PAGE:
Despite being a massive nerd, I’d never been to a convention until Hyper Japan came to Earl’s Court last weekend. Knowing that I was supposed to be covering the event for le cool and that there was a bunch of stuff to see, it might have been a good idea to put together some sort of a plan before I arrived, but that would be very unlike me.
To be fair, even if I had, I’m fairly sure I would have been immediately distracted by the smell of tasty fried Japanese foods and the computer game stations that seemed to be calling my name. It was all a bit overwhelming, so I decided to dull my over-stimulated senses with beer. Which, upon reflection, was a good move.
Nick Hussey, along with partner Emmalou, are the people behind Vulpine – purveyors of some of the swankiest cycle wear on the London roads. You might also recall we featured their Vulpine Fete in last week’s le cool. Josh Jones had a chat with Nick about what they’re all about.
Hello Nick, How are things with you today. According to your website you’re expecting a baby. Congratulations, will you have it in time for Xmas?
Today is a lovely day. The sun is shining, I went for a ride, had fish & chips (fish good, chips too crunchy) and Lily (the Jack Russell I obsess about) is lying on my feet. How about you? Yes, we have a boy (first child) due on the 8th of January and Emmalou is MAHOOSIVE in a ladylike way, so he could be on his way sooner! Hopefully not by crimbo though. This year has been berserk. Hell, we’re already running around like loons, what difference is a kid going to make? *small weep*
Not only for radical leftists – Strike! is an attractive magazine with graphic contributions from names including Ralph Steadman and Peter Kennard and polemic from commentators who wish to inspire action. The publication is out now, available online or from stockists Art Words, Housmans and Flaxon Ptootch. Vyvian Raoul is co-founder with Rowan Powell
Tell us about the first issue of Strike!, and about its contributors.
We were hugely inspired by 60s counter-culture newspaper the International Times – our first edition actually features its founder, John ‘Hoppy’ Hopkins. We want to reignite that same spirit of rebellion, set pulses racing again — we have the same twinkle in our eye. At first we positioned ourselves somewhere between Private Eye and Occupy, but we ended up much closer to Occupy in the end. Different, though. We stand out from other leftist rags by being both readable and desirable: our guiding principles were to be popular without being populist and to make every page as pretty as possible. We asked people to submit something along the fairly loose theme of ‘f*cked’ (’cause everything is), and were incredibly lucky to get back some amazing graphics and illustrations from the likes of Ralph Steadman, Peter Kennard and Laura Oldfield Ford, which we put together with politics and polemic from David Orrell, Nina Power, Mark Fisher and Lindsey German.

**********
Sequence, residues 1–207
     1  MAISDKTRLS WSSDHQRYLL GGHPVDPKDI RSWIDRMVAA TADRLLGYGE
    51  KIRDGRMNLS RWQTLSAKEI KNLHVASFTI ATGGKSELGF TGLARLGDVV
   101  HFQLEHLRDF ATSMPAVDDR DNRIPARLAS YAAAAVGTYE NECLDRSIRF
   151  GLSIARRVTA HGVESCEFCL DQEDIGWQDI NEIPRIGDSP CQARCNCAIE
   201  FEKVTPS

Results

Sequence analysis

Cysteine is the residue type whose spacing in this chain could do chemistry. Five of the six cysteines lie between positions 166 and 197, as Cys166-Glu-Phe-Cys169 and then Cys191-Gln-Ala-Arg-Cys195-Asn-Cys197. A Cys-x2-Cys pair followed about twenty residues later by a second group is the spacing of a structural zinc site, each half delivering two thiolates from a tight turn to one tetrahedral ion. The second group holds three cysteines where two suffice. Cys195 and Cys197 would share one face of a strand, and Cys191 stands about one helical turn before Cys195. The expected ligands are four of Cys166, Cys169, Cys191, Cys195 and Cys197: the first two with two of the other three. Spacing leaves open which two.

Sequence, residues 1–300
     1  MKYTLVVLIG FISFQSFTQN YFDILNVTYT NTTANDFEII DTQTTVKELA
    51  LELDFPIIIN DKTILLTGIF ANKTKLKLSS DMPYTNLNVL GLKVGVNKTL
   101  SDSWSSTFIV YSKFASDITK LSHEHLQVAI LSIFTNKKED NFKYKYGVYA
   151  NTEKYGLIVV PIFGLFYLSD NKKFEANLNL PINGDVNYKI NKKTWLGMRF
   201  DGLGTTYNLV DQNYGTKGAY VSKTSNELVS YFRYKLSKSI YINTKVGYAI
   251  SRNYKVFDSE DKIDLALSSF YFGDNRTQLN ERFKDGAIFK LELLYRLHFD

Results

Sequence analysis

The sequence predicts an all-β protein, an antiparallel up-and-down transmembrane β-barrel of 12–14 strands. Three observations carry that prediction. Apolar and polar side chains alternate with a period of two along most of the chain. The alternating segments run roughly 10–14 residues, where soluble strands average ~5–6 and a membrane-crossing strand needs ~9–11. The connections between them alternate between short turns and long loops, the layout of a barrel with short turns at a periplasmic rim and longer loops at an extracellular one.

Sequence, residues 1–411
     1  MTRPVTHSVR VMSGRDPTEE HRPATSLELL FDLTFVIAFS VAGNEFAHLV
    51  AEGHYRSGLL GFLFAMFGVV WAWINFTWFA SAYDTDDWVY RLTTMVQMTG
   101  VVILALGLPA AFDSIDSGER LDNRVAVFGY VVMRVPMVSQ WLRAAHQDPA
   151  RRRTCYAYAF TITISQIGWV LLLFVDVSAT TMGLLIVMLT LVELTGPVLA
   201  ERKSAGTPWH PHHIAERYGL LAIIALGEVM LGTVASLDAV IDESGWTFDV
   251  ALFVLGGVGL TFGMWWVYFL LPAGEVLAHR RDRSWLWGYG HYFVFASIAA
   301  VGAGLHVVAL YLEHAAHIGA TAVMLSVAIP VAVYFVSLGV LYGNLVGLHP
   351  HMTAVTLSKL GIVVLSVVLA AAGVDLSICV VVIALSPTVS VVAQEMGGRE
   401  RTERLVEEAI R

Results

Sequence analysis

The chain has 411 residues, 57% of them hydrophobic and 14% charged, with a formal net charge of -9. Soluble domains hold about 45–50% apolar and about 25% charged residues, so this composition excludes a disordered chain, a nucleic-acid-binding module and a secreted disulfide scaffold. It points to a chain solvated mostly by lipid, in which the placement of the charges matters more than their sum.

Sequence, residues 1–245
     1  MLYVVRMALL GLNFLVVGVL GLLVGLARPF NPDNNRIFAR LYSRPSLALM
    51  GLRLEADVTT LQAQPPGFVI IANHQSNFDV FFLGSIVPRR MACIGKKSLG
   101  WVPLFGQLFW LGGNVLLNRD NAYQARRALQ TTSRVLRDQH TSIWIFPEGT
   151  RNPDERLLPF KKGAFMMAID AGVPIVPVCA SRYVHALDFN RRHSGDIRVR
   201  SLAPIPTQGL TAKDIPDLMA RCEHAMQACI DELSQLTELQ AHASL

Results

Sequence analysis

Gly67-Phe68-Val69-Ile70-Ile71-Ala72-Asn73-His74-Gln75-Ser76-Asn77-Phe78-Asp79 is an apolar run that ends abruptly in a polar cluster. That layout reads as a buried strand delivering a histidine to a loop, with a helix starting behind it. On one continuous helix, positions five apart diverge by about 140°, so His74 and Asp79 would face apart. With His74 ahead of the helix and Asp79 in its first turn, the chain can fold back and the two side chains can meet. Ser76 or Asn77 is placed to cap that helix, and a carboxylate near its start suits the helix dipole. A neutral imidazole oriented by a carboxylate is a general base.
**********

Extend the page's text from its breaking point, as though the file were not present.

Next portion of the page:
Probably my favourite page, however, is from Dead Philosophers in Heaven — probably because it features Angela Merkel being crushed with a big fucking rock. Gets me every time.
Goose are back in town: a group who, for their album launch released a magazine featuring interviews with their friends and peers including Soulwax, (Dior designer) Raf Simons and (Pink Floyd sleeve artist) Storm Thorgerson. John Power caught up with them and has a giveaway for their gig on Saturday. Read on…
Two years on from their last UK appearance supporting fellow Belgians Soulwax at Brixton Academy, electro/rock band Goose are back playing live in the capital this weekend and this time they arrive with a new hit album in tow. Ahead of their gig at The Nest on Saturday we caught up with the band to find out what has been happening since they last visited these shores.
What’s changed in Goose’s world since you were last over here?
It’s the same same but different. We are still the same band but we are on tour with a new album and we are happily working on several new projects.
After we recorded [new album] Control Control Control we were so amazed with the energy you capture when you are recording all together in one room that we decided to take it one step further: record every song again in a live music video, a live performance in an empty television studio. So far we have recorded four tracks of the album like that, but we plan to capture the rest of the album as a live music video performance.
Dré Masso is one of the guys behind, and in charge of the drinks at, China Town’s newest secret bar – Opium Cocktail and Dim Sum Parlour. Hidden behind a jade door on Gerard Street in China Town, Josh Jones and Tom Medwell were lucky enough to go and meet him before it opened for a chat about what it’s all about, the drinks you’ll get, the tea they’ll serve and fill up on some of the most delicious dim sum in the city – seriously, try the turnip in puff pastry or pork and scallops, they’ll blow your mind.
Is this going to be one of them members bars?
No it isn’t. We had thought about it being a members bar. I would like it to function in a similar way to a members bar. We want to encourage people to book, whether it’s just for drinks or dim sum. We’re serious about the way we serve people and the hospitality side of the business.